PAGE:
Most (if not all) programming languages allow you to draw a [pseudo]-random deviate from a uniform distribution. In many scientific situations, though, there is a desire to produce random deviates drawn from a different probability distribution. In this article, I derive relations telling us how to generate these non-uniformly distributed random deviates.

## Introduction¶

The most common situation is that a programming language of analysis library
provides a function which returns a floating point number chosen with uniform
probability in the range `$[0,1)$`

(the notable exception being C/C++’s
`rand()`

function which returns a uniformly distributed integer between `0`

and
`RAND_MAX`

).

Scientific applications often require random deviates drawn from a variety of other distributions. One extremely common case is that of simulating a measurement error. By the Central Limit Theorem, a it’s typical for errors to be distributed with a Gaussian probability density. If we want to model this error with a pseduo-random number generator (PRNG), we need to know how to transform the uniform random deviates provided by the programming language’s PRNG functions into ones that are drawn from another probability distribution.

### Code Interface¶

A good, generic solution should make use of a common interface with an option
to specify the desired non-uniform probability distribution to use. This
motivates immediately defining a function which will be that interface. We do
this in the form of a couple of wrappers around
Julia’s `rand()`

function for a couple of the simplest
and most useful cases. (It is left as an exercise to the reader to extend this
simple wrapper for all function prototypes and situations.)

What we’d like to have is a simple interface for generating a single random
deviate (in analogy with `rand()`

), generating an array of deviates (i.e.
`rand(100)`

or `rand(3,3)`

), or in some cases transform an existing uniform
random distribution into a non-uniform distribution. The code below provides
exactly this interface, assuming we can develop the input `invcdf`

which
depends desired non-uniform distribution. We’ll do this for for several common
examples in later sections.

```
# Create an interface for non-uniform distributions of PRNG deviates
# This one returns a single random deviate
randdist(invcdf::Function) = invcdf(rand());
# These two return [multi-dimensional] arrays of random deviates
randdist(invcdf::Function, dims::Dims) = randdist!(invcdf, rand(Float64,dims));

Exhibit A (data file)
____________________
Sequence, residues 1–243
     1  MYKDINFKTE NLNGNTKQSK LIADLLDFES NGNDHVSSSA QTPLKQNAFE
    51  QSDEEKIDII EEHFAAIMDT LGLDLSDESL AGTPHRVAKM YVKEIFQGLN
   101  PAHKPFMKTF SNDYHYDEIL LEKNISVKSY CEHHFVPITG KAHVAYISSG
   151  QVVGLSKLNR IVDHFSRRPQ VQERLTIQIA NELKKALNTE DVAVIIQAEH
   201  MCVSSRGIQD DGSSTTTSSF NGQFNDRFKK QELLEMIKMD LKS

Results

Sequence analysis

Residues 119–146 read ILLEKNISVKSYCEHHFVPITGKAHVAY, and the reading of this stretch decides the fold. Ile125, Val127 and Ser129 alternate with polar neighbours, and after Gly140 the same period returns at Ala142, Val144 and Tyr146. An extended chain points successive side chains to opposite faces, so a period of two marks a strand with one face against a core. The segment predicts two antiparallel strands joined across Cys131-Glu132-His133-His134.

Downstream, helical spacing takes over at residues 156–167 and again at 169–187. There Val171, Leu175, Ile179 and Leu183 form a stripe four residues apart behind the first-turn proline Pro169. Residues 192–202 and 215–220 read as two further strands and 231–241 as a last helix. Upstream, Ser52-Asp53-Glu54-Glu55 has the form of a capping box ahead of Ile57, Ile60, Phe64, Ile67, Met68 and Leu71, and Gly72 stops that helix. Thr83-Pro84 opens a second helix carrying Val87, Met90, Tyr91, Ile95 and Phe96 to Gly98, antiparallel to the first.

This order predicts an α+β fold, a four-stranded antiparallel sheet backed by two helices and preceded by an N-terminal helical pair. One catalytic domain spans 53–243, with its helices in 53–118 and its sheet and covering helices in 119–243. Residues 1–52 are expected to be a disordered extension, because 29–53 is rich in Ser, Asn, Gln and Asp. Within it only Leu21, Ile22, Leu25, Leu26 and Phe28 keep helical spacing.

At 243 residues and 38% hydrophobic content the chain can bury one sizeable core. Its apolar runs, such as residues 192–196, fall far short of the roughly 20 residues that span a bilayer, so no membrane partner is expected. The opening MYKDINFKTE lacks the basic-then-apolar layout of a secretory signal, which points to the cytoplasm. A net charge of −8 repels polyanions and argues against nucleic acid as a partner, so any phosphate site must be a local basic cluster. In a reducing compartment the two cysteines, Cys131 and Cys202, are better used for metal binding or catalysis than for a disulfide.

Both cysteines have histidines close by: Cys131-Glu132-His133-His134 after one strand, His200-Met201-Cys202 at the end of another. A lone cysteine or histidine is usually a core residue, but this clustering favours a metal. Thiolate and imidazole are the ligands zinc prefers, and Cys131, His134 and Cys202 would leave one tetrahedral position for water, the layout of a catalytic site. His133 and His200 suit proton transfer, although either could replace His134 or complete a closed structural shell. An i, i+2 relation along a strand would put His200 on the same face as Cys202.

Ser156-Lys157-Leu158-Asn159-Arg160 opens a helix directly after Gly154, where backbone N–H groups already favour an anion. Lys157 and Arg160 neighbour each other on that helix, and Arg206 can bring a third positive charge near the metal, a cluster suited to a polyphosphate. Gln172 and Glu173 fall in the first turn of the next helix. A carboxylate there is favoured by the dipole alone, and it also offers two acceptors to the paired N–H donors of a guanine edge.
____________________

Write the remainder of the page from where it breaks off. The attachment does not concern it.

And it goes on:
randdist(invcdf::Function, dims::Int...) = randdist(invcdf, dims);
# This one modifies an existing array in-place
function randdist!{T}(invcdf::Function, A::Array{T})
for ii=1:length(A)
A[ii] = invcdf(A[ii]);
end
A
end
```

Note that the code and plots shown here are all available for download by clicking here in the form of an IJulia notebook.

## Probability Distributions¶

The only case of probability distribution we’re going to consider here are distributions of continuous variables; in general, though, a probability function can be much more generically defined at the expense that some of the conclusions drawn here are no longer valid.

### Theory¶

We assume that we can define a smooth function `$\mathcal{P}(x)$`

, the
probability density function (PDF). From it, we define the the cumulative
distribution function (CDF) `$\mathcal{C}(x)$`

by

`\begin{align} \mathcal{C}(x) \equiv \int_{-∞}^x \mathcal{P}(x') \, dx' \end{align}`

Because this is the sum of a probability, we expect and require the total probability sum to unity:

`\begin{align*} \mathcal{C}(∞) = 1 = \int_{-∞}^∞ \mathcal{P}(x') \, dx' \end{align*}`

This may seem like an obvious requirement since probabilities greater than 1 are non-sensical, but it’s worth explicitly enumerating because it is actually the key to understanding how to draw random deviates from a non-uniform PDF. Take for example an arbitrary PDF and its corresponding CDF.

If we simply swap the axes,

we see that the CDF (in green) is an invertible function (i.e. it passes the
“vertical line test”). Even more importantly, it has the desirable feature that
the highest density regions in the PDF cover a larger fraction of the domain in
`$(0,1)$`

. Therefore if we were to pick random deviates uniformly on the
**codomain** of the CDF (i.e. the vertical axis in the first figure or the
horizontal axis of the second) and then map them back to the domain, we will
naturally select points in the domain more or less often according to the PDF.

Mathematically, all we want to do is generate a uniformly distributed random
deviate `$y$`

and generate the non-uniformly distributed random deviate `$x$`

by inverting the CDF:

`\begin{align} x = \mathcal{C}^{-1}(y) \end{align}`

The work, therefore, is in defining the relevant domains of a chosen PDF, calculating the CDF, and then finding the CDF’s inverse function.

## Uniform Distribution¶

The simplest starting example is that of a uniform probability density over an arbitrary domain `$[a,b]$`

.

`\begin{align*} \mathcal{P}_\mathrm{uniform}(x) &= \begin{cases} \alpha & a \le x \le b \\ 0 & \text{otherwise} \end{cases} \\ \mathcal{C}_\mathrm{uniform}(x) &= \begin{cases} 0 & x < a \\ \alpha(x-a) & a \le x \le b \\ 1 & x > b \end{cases} \end{align*}`

which integrated over the entire domain must equal 1 to conserve total
probability. Therefore, we solve to find `$ α = 1/(b-a) $`

and the
complete definitions become

`\begin{align} \mathcal{P}_\mathrm{uniform}(x) &= \begin{cases} \frac{1}{b-a} & a \le x \le b \\ 0 & \text{otherwise} \end{cases} \\ \mathcal{C}_\mathrm{uniform}(x) &= \begin{cases} 0 & x < 0 \\ \frac{x-a}{b-a} & a \le x \le b \\ 1 & x > b \end{cases} \end{align}`

Inverting `$\mathcal{C}_\mathrm{uniform}(x)$`

is easy since it is a very simple
rational function. We find that we can extend the `rand()`

function from
`$[0,1)$`

to `$[a,b)$`

by the formula,

`\begin{align} x = \mathcal{C}^{-1}_\mathrm{uniform}(y) = a + (b - a)y \end{align}`